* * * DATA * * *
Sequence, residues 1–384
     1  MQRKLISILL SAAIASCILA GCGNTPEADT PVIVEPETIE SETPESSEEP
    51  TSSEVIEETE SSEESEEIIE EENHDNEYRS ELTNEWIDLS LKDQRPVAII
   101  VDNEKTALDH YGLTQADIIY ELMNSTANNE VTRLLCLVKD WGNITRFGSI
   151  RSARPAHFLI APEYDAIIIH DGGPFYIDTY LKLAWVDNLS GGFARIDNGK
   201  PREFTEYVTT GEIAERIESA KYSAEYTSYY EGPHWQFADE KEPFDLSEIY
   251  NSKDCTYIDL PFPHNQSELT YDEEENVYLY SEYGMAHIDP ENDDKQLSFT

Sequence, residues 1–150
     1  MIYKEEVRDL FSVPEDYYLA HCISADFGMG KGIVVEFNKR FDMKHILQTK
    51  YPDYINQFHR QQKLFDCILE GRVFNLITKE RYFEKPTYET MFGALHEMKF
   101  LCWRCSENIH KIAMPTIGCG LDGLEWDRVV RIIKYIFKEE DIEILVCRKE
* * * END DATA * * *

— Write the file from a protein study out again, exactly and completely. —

Sequence, residues 1–384
     1  MQRKLISILL SAAIASCILA GCGNTPEADT PVIVEPETIE SETPESSEEP
    51  TSSEVIEETE SSEESEEIIE EENHDNEYRS ELTNEWIDLS LKDQRPVAII
   101  VDNEKTALDH YGLTQADIIY ELMNSTANNE VTRLLCLVKD WGNITRFGSI
   151  RSARPAHFLI APEYDAIIIH DGGPFYIDTY LKLAWVDNLS GGFARIDNGK
   201  PREFTEYVTT GEIAERIESA KYSAEYTSYY EGPHWQFADE KEPFDLSEIY
   251  NSKDCTYIDL PFPHNQSELT YDEEENVYLY SEYGMAHIDP ENDDKQLSFT

Sequence, residues 1–150
     1  MIYKEEVRDL FSVPEDYYLA HCISADFGMG KGIVVEFNKR FDMKHILQTK
    51  YPDYINQFHR QQKLFDCILE GRVFNLITKE RYFEKPTYET MFGALHEMKF
   101  LCWRCSENIH KIAMPTIGCG LDGLEWDRVV RIIKYIFKEE DIEILVCRKE